Volume 36, Issue 2 (Summer 2023)

Outdoor play can be great for working on early intervention outcomes.

“Some old-fashioned things like fresh air and sunshine are hard to beat.”

– Laura Ingalls Wilder, author

Video Spotlight: Outdoor Fun

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dad and girl blowing bubbles outdoors

Warm weather means it is a great time to explore the outdoors. Outside play is a wonderful opportunity to work on early intervention (EI) outcomes. Talk with your EI team about strategies and activities that may be especially useful for your family as you work on your EI outcomes. As you talk, you can brainstorm how everyday activities can become opportunities to practice new skills.

For example, consider the fun warm weather pastime of blowing bubbles. Infants and toddlers love to see bubbles magically fly from a bubble wand. Did you know that when you are blowing bubbles you are working on many skills, including:

  • Oral motor skills: Blowing bubbles develops the small muscles in your child’s mouth as they pucker their lips and blow bubbles. Strengthening these muscles is important for developing their ability to form clear sounds when speaking and to eat and swallow safely.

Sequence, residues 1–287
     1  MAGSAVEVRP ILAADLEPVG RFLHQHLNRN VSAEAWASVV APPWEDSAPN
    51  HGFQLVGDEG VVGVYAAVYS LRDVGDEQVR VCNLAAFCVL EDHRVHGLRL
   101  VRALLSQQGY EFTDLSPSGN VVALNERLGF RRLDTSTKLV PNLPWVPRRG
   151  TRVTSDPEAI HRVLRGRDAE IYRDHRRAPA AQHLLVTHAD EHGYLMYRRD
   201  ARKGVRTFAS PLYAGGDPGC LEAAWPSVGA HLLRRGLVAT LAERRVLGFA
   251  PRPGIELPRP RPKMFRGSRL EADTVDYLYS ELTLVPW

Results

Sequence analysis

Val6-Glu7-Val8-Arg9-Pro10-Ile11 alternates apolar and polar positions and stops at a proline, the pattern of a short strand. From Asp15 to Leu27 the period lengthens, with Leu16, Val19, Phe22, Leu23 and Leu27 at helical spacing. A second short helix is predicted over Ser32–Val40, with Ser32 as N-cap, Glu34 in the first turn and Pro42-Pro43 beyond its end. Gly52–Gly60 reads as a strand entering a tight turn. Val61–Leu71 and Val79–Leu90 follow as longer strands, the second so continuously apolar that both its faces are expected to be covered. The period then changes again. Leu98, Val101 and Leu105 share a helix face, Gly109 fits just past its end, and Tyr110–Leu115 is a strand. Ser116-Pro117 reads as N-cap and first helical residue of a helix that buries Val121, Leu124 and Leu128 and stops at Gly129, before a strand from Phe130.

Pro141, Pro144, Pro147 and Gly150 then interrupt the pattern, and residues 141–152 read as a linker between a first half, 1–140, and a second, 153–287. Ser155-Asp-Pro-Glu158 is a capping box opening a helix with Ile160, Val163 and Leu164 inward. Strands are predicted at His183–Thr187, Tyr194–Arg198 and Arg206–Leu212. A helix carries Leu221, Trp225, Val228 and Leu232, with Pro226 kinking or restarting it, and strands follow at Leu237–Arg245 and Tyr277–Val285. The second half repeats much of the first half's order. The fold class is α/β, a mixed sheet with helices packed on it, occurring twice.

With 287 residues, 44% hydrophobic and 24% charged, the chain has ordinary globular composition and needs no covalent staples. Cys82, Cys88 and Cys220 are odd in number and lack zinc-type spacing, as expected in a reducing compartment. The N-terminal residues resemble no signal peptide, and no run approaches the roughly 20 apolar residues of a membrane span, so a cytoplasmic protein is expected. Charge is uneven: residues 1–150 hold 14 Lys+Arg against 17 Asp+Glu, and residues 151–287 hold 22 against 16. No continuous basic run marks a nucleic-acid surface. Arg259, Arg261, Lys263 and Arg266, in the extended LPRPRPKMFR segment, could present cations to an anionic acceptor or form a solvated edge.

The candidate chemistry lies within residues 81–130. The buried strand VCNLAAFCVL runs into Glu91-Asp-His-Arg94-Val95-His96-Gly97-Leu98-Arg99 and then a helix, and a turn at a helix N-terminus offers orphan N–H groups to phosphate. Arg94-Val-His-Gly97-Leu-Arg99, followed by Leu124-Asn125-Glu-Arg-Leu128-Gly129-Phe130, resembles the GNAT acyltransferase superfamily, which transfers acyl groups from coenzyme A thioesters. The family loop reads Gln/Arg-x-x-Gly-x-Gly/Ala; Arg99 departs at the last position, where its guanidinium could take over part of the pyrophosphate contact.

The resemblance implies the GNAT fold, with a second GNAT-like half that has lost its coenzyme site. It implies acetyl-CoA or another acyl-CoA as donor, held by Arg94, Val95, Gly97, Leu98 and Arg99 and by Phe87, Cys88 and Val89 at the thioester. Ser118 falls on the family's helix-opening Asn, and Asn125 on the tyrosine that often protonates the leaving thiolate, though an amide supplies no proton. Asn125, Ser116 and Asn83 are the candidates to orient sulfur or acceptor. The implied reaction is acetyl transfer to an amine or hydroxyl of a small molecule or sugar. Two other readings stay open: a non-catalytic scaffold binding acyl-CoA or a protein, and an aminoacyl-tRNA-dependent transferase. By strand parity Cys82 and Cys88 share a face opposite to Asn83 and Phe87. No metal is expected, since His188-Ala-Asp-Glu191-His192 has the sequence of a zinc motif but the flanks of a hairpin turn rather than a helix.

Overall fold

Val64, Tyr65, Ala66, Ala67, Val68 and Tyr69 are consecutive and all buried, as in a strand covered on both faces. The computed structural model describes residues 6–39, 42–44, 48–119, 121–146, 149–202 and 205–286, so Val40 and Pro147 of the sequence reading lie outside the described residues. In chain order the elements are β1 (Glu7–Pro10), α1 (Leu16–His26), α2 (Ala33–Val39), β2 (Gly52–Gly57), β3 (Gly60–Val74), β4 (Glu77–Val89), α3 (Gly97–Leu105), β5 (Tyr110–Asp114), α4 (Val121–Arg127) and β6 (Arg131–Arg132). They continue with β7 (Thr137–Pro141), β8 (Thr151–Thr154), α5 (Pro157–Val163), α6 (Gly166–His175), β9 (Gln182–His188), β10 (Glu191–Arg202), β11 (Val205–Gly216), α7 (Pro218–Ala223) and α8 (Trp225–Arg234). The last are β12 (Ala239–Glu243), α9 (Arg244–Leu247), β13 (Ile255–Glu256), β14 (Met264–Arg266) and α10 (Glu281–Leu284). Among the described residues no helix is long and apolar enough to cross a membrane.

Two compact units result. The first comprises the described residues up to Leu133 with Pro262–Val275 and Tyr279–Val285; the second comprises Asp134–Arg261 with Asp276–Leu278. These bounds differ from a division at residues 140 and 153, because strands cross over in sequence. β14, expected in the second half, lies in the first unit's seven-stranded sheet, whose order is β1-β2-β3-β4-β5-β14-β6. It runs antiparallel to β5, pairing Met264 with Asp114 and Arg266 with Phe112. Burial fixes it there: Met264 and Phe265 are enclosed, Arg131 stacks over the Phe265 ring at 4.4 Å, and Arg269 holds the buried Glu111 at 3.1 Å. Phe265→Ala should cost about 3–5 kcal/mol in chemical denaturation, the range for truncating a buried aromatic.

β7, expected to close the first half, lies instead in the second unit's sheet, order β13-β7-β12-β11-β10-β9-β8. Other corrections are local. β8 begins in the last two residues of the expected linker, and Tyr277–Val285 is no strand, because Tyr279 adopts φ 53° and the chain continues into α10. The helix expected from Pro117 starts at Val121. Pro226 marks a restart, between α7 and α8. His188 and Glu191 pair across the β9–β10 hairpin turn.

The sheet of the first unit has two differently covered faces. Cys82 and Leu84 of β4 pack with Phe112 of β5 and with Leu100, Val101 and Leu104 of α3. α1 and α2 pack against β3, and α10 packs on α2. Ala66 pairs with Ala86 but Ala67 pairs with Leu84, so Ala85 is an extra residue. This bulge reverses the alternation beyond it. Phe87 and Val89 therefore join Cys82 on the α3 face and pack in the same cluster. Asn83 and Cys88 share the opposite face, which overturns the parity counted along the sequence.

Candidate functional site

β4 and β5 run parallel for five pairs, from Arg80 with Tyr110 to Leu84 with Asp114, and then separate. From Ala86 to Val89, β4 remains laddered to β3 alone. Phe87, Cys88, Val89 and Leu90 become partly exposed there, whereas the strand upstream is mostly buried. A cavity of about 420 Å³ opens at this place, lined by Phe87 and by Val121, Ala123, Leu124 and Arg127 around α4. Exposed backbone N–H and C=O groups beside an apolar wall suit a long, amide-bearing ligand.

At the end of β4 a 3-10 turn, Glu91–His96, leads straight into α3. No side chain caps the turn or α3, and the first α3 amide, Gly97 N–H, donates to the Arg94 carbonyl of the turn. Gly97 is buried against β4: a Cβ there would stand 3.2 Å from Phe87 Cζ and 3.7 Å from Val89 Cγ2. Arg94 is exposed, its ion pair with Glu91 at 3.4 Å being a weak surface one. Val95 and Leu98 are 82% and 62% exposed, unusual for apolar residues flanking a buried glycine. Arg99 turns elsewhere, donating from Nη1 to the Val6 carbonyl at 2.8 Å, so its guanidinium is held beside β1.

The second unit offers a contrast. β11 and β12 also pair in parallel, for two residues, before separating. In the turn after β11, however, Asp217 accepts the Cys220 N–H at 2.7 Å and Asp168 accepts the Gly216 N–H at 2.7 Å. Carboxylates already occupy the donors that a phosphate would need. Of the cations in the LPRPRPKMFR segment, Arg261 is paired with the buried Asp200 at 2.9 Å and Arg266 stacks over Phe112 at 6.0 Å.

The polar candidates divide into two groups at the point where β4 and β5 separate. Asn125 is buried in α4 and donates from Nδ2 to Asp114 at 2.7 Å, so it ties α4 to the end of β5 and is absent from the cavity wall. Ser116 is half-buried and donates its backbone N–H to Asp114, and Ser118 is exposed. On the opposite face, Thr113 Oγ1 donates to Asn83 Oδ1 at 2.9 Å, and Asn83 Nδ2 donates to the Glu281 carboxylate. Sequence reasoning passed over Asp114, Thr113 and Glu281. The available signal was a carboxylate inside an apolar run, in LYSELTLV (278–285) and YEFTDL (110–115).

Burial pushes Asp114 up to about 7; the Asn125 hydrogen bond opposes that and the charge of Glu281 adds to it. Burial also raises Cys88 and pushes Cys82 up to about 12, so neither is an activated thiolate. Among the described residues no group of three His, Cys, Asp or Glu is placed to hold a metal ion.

• Gross motor skills: Your child can reach to pop bubbles and build hand-eye coordination as they reach. Walking toddlers and infants may follow the bubbles on their feet and practice their moving skills.
  • Eye tracking skills: Younger infants and toddlers learn to follow the bubbles with their eyes.
  • Vocabulary and concept development: As you talk to your child about bubbles, you expose them to words such as clear, soapy, float, and pop.